Sprigg Lynn is used to seeing people walk all over his hard work. Make that well-heeled, powerful people.

Lynn is a principal officer at Universal Floors (4625 41st St. NW, 202-537-8900), which his father, “Capt.” South Lynn Sr., founded in 1953. Since then, the company has worked on the White House floors for every president from Dwight Eisenhower to George W. Bush (work’s been planned for Obama’s tenure, too, but it hasn’t been completed yet). Universal Floors has gained access to the inner sanctums of other high-security hot spots, too, such as the State and Treasury departments and the Supreme Court. The company also works on plenty of non-governmental abodes (as in, regular homeowners’ pads).

Recently, Universal turned its remodeling skills on itself, hiring Bethesda-based Rill Architects to redesign its own showroom. Express spoke to Sprigg Lynn about his family business, flooring trends and how to pick the perfect plank size.

You’re licensed throughout the D.C. area. Besides first families, who else has hired your company?
Shirley Temple, some of the [Supreme Court] justices, Chuck Yeager. We’ve done all the Kennedys, from President Kennedy when he lived in Georgetown to all his brothers. We still do quite a bit of work for Ethel Kennedy. We did a lot of work at Camp David.

How has flooring changed in Washington over the past 58 years?
Washington is very traditional. D.C. floors are basically oak and pine. But in the last five years, it’s changed. Homeowners are going to wider planks and more of these deeper, darker earth tone colors and more natural looks. Before, every piece of floor had to be perfect, flawless, and now they’re going more toward, “There’s nothing wrong with a knot.”

Why did that happen?
In the past, flooring was basically a functional part of the house, and now it’s become part of the design of the house.

What tips do you have for selecting hardwood flooring?
A wood floor is only as good as its subfloor. If you have a good foundation, relatively flat, your floor is going to last. Things like adhesives that are underneath the floor that people don’t pay much mind to — those are the most important things.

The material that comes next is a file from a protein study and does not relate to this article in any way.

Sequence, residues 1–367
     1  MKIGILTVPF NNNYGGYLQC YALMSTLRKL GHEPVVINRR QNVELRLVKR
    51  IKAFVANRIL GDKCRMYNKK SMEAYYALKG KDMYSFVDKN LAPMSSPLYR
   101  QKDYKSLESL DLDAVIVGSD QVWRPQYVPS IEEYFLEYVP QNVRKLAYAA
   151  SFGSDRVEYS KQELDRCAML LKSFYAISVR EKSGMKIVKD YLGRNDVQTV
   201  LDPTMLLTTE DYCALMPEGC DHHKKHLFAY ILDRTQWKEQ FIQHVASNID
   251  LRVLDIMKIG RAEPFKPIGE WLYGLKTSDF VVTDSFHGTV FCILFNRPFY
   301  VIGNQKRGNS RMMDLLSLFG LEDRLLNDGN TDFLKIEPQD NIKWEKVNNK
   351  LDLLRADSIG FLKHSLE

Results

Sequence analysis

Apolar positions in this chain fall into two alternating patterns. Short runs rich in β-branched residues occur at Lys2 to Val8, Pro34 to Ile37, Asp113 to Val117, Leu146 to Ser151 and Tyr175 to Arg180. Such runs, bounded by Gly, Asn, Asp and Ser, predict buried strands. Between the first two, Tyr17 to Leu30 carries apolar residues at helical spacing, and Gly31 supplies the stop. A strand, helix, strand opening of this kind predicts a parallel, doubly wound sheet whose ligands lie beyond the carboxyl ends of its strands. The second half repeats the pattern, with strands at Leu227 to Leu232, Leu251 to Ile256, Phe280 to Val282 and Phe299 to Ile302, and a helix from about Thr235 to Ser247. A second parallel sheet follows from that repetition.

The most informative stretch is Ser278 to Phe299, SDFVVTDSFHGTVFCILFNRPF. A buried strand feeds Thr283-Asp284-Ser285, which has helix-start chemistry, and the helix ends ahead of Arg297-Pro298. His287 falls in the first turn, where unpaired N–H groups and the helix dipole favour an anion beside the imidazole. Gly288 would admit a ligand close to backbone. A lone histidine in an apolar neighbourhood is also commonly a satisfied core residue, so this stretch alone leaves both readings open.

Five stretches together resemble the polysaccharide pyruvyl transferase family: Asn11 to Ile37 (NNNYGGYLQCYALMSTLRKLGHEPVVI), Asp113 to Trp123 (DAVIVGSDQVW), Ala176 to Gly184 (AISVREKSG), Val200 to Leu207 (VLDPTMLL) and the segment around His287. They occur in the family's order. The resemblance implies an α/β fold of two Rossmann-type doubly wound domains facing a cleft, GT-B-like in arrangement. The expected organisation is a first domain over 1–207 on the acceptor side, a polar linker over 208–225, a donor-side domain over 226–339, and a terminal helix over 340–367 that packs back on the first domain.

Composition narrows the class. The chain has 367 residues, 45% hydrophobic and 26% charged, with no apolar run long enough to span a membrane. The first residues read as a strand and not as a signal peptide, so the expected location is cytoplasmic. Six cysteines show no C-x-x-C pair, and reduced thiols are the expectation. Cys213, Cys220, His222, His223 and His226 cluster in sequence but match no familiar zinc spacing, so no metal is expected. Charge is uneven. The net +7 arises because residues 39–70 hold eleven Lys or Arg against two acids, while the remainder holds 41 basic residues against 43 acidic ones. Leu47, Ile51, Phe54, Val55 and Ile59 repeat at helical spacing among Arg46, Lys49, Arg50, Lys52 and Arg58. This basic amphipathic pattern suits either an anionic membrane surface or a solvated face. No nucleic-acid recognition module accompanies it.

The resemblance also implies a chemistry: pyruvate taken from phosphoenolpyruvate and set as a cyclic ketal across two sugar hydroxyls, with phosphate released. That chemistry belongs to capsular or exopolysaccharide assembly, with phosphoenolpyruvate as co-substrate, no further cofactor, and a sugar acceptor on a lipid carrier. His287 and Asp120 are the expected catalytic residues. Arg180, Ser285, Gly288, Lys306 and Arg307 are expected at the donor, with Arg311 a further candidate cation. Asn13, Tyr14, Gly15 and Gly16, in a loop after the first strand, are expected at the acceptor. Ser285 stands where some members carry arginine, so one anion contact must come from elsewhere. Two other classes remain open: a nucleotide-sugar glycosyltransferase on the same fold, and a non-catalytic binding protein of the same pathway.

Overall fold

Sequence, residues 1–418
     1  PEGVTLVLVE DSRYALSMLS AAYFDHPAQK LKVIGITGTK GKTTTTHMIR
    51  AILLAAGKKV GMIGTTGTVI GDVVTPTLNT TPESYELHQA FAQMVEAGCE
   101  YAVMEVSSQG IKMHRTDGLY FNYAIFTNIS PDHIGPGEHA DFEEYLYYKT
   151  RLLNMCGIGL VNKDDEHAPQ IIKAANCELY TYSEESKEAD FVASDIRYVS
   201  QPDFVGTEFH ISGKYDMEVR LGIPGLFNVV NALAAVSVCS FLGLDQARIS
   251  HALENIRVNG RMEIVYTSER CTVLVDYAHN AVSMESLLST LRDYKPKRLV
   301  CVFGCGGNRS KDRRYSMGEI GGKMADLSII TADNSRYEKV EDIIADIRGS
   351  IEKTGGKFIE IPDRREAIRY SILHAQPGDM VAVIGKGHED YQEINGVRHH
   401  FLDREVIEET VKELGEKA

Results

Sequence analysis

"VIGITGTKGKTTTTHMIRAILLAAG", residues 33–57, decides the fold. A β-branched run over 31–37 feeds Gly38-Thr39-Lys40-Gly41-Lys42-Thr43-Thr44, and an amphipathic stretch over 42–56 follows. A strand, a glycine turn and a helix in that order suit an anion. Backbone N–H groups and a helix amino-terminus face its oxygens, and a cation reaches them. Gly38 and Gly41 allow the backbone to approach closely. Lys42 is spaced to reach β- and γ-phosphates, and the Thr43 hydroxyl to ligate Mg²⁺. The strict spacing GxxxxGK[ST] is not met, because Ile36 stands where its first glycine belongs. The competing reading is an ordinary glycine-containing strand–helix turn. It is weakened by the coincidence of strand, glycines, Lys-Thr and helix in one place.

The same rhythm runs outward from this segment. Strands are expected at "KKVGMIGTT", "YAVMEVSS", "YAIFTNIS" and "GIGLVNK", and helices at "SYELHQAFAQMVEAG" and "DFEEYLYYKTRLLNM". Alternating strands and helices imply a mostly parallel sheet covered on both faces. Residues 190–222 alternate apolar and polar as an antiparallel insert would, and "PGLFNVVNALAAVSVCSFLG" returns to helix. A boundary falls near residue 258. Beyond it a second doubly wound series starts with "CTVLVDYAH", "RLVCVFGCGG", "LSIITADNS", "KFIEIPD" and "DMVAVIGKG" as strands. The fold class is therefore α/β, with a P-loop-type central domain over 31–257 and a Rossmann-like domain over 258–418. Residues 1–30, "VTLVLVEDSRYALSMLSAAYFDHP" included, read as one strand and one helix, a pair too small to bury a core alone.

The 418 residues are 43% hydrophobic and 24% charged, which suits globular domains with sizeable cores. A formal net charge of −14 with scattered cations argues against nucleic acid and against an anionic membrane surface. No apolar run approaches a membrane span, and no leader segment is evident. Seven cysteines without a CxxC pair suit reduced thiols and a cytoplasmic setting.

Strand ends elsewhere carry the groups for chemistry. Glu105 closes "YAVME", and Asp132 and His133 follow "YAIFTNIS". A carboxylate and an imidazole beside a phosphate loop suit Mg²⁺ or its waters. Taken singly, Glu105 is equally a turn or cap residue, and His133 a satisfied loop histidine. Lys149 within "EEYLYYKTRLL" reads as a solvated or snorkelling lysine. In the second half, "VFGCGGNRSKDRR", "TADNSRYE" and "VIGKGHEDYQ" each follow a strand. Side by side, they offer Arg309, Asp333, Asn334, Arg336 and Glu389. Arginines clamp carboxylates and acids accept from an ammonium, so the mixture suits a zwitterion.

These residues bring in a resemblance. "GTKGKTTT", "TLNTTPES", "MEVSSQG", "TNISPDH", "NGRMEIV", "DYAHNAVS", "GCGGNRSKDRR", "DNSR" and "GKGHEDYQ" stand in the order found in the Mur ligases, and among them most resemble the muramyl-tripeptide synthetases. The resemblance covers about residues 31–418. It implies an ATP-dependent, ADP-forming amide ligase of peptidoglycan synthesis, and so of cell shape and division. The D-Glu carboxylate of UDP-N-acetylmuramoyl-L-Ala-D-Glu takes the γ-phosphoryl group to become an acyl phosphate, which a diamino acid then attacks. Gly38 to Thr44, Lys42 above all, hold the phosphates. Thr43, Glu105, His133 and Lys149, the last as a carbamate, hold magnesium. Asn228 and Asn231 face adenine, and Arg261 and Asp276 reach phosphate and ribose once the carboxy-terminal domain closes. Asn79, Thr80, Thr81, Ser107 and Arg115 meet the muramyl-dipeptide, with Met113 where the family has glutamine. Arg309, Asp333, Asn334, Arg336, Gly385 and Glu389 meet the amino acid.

If you buy the best material you can for underneath the floor, it’s going to outlast any warranty. It also [serves as] noise control. A lot of condominiums have noise ordinances. A lot of adhesives are excellent for that.

How important is the appearance of the floor? Do looks matter?
People shouldn’t shop for wood floors on looks alone. Some products look good, but they’re very soft. They don’t wear well. People have to look at their lifestyle and where they’re putting [certain types of flooring]. Is it a retired couple, or someone with four kids and a dog? You can achieve almost any color and style with the proper wood.

Do trends such as wider planks and darker shades of wood work in a small space?
Sometimes you can get away with a little bit of a wider plank in a small room. But if you get into parquets, you have to have at least three or four repeat patterns for it to look in proportion. It also depends on the color. The darker the floor you have, the smaller it appears.

Is hardwood flooring worth the investment, when laminate is more affordable and looks similar?
It’s like a nice steak dinner and a piece of baloney. You get what you pay for. Laminate has its place, and there are some people who put it in a rec room or a craft room, or they want the look but they don’t want to pay for it. Real wood is a permanent structure in your house. It increases the value of your home.

Written by Express contributor Stephanie Kanowitz
Photos courtesy of Patrick O’Brien and Universal Floors